The story of ‘Black Peter’: the Indian pioneer behind Otago’s gold rush
Before the 1880s, Indians were not identified in Census records. Their presence was simply “noted”, and one of them went by the name of Edward Peters (or “Black Peter”, as some would nickname him) – an Anglo-Indian settler who many claim was the first to strike gold in Otago between 1958 and 1959.
If these claims were true, Peters would be the catalyst behind Otago’s gold rush of the 1860s, having discovered the precious metal in the region more than two years before Australian Gabriel Read. Some historians believe that, although Read is credited with discovering gold at Tuapeka in Otago, it was actually Peters who told him where to look.
Time to put the record straight?
According to records, Edward Peters was born in Mumbai (Bombay at the time). Not much is known about his life before he arrived in New Zealand, but according to some accounts, he might have spent some time chasing gold in California.
Peters landed in Otago around 1953 as a cook on the sailing ship Maori. After jumping ship, he turned himself to the police and spent the required six weeks in jail, before heading south to work on sheep farms. Sometimes, he and other shephers moved sheep across the Tokomairiro River, and as the story goes, one of these expeditions changed the course of history.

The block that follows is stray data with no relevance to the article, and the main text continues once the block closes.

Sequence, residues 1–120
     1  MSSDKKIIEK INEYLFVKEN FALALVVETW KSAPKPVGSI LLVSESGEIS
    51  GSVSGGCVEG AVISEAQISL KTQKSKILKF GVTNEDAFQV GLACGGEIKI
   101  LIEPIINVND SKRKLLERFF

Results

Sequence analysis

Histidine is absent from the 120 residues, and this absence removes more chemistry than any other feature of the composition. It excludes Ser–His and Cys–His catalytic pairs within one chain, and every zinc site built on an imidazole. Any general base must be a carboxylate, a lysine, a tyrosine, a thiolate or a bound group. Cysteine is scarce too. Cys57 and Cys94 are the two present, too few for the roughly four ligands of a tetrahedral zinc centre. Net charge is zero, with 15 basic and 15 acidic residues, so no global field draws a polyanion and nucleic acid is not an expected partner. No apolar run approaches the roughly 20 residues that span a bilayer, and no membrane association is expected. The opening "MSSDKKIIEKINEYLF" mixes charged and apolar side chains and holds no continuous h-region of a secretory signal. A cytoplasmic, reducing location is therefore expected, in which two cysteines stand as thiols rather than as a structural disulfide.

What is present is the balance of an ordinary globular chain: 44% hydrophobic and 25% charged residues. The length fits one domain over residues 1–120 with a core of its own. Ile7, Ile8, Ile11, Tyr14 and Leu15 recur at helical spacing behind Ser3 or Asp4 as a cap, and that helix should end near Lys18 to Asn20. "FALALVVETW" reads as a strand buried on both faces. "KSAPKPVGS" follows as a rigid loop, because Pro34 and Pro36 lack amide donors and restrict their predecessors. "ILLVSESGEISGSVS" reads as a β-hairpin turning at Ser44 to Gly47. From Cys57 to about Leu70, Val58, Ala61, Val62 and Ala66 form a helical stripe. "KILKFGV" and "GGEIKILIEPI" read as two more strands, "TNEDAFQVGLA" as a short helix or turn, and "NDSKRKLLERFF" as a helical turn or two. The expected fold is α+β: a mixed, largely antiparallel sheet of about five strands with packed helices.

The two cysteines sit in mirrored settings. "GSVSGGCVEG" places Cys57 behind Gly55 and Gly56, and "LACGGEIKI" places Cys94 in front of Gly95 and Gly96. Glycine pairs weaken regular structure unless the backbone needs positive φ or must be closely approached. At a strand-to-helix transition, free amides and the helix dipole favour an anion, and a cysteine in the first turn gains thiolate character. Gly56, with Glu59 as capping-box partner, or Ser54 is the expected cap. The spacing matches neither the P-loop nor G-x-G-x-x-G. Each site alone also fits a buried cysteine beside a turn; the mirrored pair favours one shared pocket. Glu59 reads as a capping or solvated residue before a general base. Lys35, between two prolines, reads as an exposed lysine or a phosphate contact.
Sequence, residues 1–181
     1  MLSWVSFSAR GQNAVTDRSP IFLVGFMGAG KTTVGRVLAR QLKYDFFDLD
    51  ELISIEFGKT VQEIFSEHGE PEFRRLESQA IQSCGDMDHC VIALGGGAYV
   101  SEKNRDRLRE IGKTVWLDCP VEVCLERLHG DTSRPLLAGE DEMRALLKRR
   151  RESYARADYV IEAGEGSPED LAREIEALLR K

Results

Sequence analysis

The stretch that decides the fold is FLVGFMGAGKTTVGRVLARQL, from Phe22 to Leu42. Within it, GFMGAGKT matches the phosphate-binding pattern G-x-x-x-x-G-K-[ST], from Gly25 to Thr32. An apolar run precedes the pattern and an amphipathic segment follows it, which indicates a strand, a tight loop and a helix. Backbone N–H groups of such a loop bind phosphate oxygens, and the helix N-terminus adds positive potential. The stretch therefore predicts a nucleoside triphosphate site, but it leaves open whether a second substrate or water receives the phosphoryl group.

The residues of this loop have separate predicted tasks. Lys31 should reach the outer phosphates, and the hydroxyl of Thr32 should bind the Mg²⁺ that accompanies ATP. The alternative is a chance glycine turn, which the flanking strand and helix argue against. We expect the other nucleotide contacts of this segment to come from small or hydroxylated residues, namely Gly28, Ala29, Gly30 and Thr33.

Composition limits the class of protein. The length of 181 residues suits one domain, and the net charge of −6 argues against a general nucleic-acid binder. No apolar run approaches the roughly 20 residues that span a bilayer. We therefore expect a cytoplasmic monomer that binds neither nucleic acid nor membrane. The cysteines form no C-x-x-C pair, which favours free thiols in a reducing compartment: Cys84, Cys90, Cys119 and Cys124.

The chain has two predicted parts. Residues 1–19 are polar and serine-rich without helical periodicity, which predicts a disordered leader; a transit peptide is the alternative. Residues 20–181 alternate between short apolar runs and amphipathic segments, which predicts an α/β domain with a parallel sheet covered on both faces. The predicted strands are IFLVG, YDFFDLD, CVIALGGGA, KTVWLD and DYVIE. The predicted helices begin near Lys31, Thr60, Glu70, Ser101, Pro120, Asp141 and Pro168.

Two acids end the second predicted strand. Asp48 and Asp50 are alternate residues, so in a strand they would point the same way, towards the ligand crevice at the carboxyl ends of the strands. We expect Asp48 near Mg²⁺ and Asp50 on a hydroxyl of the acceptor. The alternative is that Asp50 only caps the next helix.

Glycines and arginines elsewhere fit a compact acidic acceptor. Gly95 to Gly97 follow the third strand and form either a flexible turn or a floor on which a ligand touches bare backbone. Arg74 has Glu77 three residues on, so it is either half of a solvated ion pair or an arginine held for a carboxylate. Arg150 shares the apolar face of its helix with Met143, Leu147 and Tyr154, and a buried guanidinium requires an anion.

In 1958, while the party was camping along the river’s banks, Peters decided to pan for gold while cleaning up the dishes. He found enough to make a gold ring, which is now on display at the Otago Settlers Museum. But here’s where things get tricky.
In 1861, a Tasmanian gold prospector and farmer, who had apparently learned about Peters’ find, sailed to Otago on board the Don Pedro II. The man was Gabriel Read, and only a few months later, he struck gold along the banks of the Tuapeka River, in what is now known as Gabriel’s Gully (pictured below, then and today). Some say Peters and Read met by chance after an expedition, and Peters naively told him where to find it. Others believe Read simply heard about the location indirectly. Or maybe, it was just all a coincidence.
Be that as it may, it was Read, and not Peters, who won a £1000 reward from the Otago Provincial Council for his find. It was Read who wrote to Otago Superintendent John Richardson to confirm the discovery that sparked the Otago Gold Rush. And again, it was Read’s name – not Peters’ – that ended up in history books.
But over the years, attempts have been made to debunk the myth. In 1885, a petition was presented to Parliament requesting that Peters’ milestone be recognised. Following the dismissal of the petition by a parliamentary committee, the local community quickly raised money to provide Peters with a pension until his death in 1893.
In 2009 – on the 150th anniversary of Edward’s gold discovery – the Glenore Manuka Trust erected a monument in his honour (pictured below). “He never ever got the recognition, anything of note, so we are just helping put that right,” said Glenore Manuka Trust chairman Alan Williams, who also wrote a book about Peters’ story.
Racism and local politics may have downplayed Peters’ findings, but it looks like it’s never too late to put the record straight.